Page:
25 Years After Tiananmen Square, Religious Freedom Remains Elusive In China

A Chinese Paramilitary security force officer stands under a portrait of the late Mao Zedong as others march passed outside the Forbidden City at Tiananmen Square on June 2, 2014 in Beijing, China. (Photo by Kevin Frayer/Getty Images)
A Chinese Paramilitary security force officer stands under a portrait of the late Mao Zedong as others march passed outside the Forbidden City at Tiananmen Square on June 2, 2014 in Beijing, China. (Photo by Kevin Frayer/Getty Images)

Early on the morning of November 28, 2007, Jia Weihan was forced to think the unthinkable: Was her father really a bad man?

At the time, she was an 11-year-old attending a school in Beijing that taught her to respect the communist authorities. When 30 or so police officers arrived to arrest her father, she did not know what to think.

As it turned out, her father, Shi Weihan, the pastor of a house church, was simply trying to live out his religious beliefs. That should be a fundamental right, but in China – even the more economically liberalized China – it’s not.

Twenty-five years after Tiananmen Square – where on June 4, 1989, Chinese soldiers turned their guns on protesting students and activists – freedom remains elusive.

In China, Tibetan Buddhists and Uyghur Muslims face worse conditions than at any time over the past decade, according to a report from the U.S. Commission on International Religious Freedom.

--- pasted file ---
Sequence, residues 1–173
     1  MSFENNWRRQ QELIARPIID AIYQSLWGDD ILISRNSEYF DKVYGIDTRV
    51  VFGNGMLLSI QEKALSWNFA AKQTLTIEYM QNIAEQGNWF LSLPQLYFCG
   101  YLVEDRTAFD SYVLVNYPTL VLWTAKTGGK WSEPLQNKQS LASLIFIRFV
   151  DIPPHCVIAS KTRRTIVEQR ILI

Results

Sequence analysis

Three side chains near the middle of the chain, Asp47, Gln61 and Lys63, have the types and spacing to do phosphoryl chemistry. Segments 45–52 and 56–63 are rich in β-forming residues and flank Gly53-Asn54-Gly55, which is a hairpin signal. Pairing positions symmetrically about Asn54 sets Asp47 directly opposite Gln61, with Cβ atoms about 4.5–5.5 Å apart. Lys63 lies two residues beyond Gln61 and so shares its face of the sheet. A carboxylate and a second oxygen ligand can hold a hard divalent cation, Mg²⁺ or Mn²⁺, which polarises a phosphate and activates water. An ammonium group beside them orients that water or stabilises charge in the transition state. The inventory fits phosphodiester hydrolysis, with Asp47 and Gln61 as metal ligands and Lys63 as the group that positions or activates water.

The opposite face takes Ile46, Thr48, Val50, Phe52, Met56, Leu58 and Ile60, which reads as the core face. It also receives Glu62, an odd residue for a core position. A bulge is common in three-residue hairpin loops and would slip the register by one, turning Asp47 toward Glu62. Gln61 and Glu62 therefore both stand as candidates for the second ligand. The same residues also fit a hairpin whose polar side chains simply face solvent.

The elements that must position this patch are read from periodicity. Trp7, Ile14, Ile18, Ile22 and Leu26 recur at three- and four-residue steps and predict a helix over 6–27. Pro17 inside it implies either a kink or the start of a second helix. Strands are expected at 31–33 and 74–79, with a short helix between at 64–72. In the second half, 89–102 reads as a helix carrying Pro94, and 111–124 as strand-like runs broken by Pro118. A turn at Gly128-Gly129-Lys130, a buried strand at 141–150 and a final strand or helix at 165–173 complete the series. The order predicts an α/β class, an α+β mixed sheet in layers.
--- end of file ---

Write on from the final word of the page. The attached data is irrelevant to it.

The report warns that independent Protestants and Catholics face arrests, fines and the closing of their churches. The government recently bulldozed one large church in the city of Wenzhou.

The report also highlights other restrictions, including these problems:

“Practitioners of Falun Gong, as well as other Buddhist, folk religionist, and Protestant groups deemed ‘superstitious’ or ‘evil cults’ face long jail terms, forced denunciations of faith and torture in detention, and the government has not sufficiently answered accusations of psychiatric experimentation and organ harvesting.”

In Shi’s case, he had decided not to tell Jia and her 7-year-old sister, Enmei, that he was printing Bibles and Christian literature. That was against Chinese law, so he did not want to put his children in jeopardy by letting them in on the secret.

Their children soon came to understand the secret, in a life-altering way.

Two years later, in June 2009, their father was sentenced to three years in prison for printing Bibles to meet growing demand. After he was released in February 2011, Shi realized he had to leave his homeland.

Authorities still were following him, so he applied to the Christ for the Nations Institute, an interdenominational college in Dallas. The school accepted him, and soon Shi, who also goes by the Anglicized name of John Stone, was on his way to Texas with his family.

One recent morning in his McKinney home, Shi, 44, explained what happened to him.

When 2008 approached and China was on the verge of hosting the Summer Olympics, the government did not want any messiness. No protests. No marches. No Tiananmen Squares.

That included no outcry over religious freedoms.

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SOURCE: CNN Religion
William McKenzie

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